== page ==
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Class mottos: Inspiration to create your reality
Written by John Szozda   
Thursday, 03 June 2010 15:50

Most of this year’s high school class mottos address yesterday’s memories, today’s action and tomorrow’s dreams. Nothing wrong with that. That’s the continuum of life, but, remember young Jedi, all three are not equally important. Spend too much time with yesterday or tomorrow and you will never reach your dreams. Today is the day to secure your future. Seize the day. Work hard. Take the next logical step to the reality you want to create tomorrow. Perhaps, one of these mottos will inspire you.

8) Eastwood: Hakuna Matata
This Swahili phrase from the movie Lion King means no worries for the rest of your days. But, without the opportunity to overcome conflict, challenge, disappointment, mistake and failure we become fat and lazy. Give me the difficult life.    

7) Northwood: Inspiration does not come from the quote itself, but rather from the people behind it.
A personal example can be a powerful motivational force, however, a particular arrangement of words can also trigger a significant emotional response that can change a life, regardless of the author. Words are important, too.

 
Mother has hope for normal life for autistic son
Written by John Szozda   
Thursday, 27 May 2010 15:41

“He stopped eating the things he ate before. He would scream if I was out of his sight. He wouldn’t play with his toys the right way…The playground became like a nightmare to him. He refused to go near one.”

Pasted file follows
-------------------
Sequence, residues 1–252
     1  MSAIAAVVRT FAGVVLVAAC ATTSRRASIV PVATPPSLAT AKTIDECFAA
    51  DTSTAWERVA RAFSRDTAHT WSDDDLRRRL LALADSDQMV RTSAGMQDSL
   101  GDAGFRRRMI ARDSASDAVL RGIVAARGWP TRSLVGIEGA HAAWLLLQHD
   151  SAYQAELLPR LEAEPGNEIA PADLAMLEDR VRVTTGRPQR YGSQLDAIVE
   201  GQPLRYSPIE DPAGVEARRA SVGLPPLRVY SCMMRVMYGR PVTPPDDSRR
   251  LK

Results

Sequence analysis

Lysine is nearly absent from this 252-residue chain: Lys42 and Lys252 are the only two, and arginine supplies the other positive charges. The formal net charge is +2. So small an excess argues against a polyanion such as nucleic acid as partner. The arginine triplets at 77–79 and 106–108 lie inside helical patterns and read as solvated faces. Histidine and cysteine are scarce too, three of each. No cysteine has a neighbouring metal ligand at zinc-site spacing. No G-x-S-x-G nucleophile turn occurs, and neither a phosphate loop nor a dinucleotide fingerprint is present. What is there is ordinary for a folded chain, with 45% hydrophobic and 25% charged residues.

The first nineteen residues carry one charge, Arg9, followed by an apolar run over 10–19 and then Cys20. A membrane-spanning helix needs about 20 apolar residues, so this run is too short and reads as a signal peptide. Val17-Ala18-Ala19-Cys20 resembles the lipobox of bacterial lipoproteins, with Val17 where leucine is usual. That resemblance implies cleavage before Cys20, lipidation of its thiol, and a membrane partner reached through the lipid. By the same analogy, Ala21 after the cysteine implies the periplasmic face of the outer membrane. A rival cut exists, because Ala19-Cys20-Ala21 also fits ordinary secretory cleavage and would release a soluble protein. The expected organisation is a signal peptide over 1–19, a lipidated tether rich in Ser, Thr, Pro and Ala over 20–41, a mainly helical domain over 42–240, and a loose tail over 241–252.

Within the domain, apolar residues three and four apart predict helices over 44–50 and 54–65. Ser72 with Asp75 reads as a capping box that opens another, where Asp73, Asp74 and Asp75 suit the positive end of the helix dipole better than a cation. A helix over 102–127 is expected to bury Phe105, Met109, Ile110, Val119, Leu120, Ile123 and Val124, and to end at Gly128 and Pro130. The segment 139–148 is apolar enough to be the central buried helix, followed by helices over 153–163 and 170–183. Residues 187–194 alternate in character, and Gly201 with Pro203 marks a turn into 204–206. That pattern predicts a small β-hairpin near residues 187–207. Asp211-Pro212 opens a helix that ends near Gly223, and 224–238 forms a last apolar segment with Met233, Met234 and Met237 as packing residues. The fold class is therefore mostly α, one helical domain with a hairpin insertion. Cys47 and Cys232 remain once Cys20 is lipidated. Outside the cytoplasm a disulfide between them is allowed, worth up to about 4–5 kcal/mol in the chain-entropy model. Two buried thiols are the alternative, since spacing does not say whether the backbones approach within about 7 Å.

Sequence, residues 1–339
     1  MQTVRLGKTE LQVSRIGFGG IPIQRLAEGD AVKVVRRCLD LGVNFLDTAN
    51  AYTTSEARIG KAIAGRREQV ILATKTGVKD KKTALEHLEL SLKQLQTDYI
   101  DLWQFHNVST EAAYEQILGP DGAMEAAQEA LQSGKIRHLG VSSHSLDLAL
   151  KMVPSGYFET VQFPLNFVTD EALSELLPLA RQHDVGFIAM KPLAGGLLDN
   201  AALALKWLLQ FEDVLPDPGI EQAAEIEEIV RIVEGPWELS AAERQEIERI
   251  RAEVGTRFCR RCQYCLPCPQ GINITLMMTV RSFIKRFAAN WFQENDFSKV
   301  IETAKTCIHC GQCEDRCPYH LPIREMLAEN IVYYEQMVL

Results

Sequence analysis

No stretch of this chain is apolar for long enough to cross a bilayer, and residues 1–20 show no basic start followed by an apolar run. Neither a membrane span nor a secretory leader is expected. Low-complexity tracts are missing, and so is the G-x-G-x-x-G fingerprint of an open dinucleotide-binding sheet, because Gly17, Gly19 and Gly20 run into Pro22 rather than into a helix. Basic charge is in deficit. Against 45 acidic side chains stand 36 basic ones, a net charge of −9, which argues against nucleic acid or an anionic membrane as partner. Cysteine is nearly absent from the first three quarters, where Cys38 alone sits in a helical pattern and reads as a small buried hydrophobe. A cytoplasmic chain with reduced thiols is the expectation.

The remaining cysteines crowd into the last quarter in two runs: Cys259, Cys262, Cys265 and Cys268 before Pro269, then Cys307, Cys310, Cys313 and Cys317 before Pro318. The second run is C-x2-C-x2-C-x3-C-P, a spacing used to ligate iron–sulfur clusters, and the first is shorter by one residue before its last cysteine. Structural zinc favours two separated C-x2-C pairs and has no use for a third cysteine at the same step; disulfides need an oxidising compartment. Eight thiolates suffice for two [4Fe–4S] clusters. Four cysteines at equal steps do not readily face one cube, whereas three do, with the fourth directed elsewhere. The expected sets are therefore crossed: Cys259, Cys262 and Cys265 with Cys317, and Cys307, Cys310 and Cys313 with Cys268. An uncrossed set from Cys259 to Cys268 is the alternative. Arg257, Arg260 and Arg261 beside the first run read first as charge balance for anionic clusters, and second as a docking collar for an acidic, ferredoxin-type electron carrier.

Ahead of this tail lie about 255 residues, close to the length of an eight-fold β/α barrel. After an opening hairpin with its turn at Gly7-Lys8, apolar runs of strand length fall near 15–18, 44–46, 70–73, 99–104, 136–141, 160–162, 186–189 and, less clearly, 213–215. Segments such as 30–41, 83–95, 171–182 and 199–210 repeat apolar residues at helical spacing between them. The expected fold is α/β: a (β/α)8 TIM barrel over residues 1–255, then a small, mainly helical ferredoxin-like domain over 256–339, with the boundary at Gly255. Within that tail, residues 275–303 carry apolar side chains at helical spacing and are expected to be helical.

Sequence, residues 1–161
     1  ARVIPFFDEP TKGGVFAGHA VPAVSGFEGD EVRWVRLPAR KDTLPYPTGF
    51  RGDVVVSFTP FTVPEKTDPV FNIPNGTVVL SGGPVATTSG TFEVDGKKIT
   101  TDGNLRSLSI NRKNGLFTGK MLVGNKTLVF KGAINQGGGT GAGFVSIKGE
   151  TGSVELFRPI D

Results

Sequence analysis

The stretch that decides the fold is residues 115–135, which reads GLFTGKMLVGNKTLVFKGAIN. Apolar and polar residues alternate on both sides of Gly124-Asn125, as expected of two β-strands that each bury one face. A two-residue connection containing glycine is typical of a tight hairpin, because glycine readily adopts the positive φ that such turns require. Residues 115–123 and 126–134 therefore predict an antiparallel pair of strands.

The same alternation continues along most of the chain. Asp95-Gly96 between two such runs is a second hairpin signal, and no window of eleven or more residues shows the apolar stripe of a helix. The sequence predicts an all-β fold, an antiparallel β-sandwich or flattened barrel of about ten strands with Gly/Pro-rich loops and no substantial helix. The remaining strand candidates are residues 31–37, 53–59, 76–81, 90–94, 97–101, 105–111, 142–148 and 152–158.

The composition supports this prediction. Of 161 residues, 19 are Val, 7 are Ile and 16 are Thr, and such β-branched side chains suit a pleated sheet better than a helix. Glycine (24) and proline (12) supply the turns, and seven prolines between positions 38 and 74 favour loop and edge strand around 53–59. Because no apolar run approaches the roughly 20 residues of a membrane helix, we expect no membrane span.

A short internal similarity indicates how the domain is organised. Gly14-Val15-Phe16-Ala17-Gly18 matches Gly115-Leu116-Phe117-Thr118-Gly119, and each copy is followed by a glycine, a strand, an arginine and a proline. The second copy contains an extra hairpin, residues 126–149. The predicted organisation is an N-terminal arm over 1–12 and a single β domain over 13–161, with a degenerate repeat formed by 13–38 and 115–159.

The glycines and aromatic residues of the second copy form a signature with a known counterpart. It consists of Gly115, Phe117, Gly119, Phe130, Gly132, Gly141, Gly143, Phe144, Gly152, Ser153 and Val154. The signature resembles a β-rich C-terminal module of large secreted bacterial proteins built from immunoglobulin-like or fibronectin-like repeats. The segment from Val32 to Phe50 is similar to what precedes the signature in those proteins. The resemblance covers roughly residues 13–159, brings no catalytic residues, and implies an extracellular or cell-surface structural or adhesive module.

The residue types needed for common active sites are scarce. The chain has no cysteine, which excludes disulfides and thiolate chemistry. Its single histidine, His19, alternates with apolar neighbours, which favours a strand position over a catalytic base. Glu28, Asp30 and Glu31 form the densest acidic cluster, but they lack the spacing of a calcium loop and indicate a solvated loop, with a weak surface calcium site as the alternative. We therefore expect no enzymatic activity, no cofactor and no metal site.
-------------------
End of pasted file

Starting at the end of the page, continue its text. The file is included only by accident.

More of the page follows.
Amy Romstadt recently recalled her son’s disturbing behavior between the ages 18 months to four. She took him to physicians and specialists. The eventual diagnosis hung like a death sentence to a normal life—Derek had Pervasive Development Disorder Not Otherwise Specified, a high-functioning form of autism similar to Asperger’s Syndrome.

Autism is one of the fastest growing neurological disorders in the United States. Autistics obsess with the self, have an inability to communicate, a short attention span and can’t interact socially. One in 91 children have some degree of autism, according to Patty Cunningham, a licensed pediatric occupational therapist with the Clinic-Home Intensive Program (CHIP) administered by Mercy Children’s Hospital. The cause is unknown. There is no cure.

Autistics require a high degree of parental and sibling interaction with social service and educational systems as well as personal patience. When Derek was two to three years old, for example, Amy couldn’t convince him it was safe to leave her lap, and when she left him alone for a few minutes he would breakdown. When she took him out in public, the noise and unfamiliar surroundings caused Derek uncontrollable anxiety. He would clench up, shake, scream hysterically and throw himself on the ground.

 
Couple corrects disastrous wedding reception 50 years later
Written by John Szozda   
Friday, 14 May 2010 08:13

Few weddings go as badly as the one between the butcher and the baker.
 
The butcher, Ron Cashen, and the baker--well the baker’s daughter--Liz Cissny, were partly responsible, but they had accomplices--the band, the caterer and the country club.
 
The story starts in 1959 when Ron and Liz met over the meat counter at Cashen’s Market in Genoa.
 
“He cut meat and I flipped donuts,” Liz said last week, shortly after the couple’s 50th anniversary party. That common ground—working for families in the food industry—gave them something to talk about, but it also presented them with their first misstep. Liz didn’t want a June wedding. She wanted to be different. She chose the last Saturday in May, not realizing it was Memorial Day weekend, a busy time for both bakers and butchers.

 
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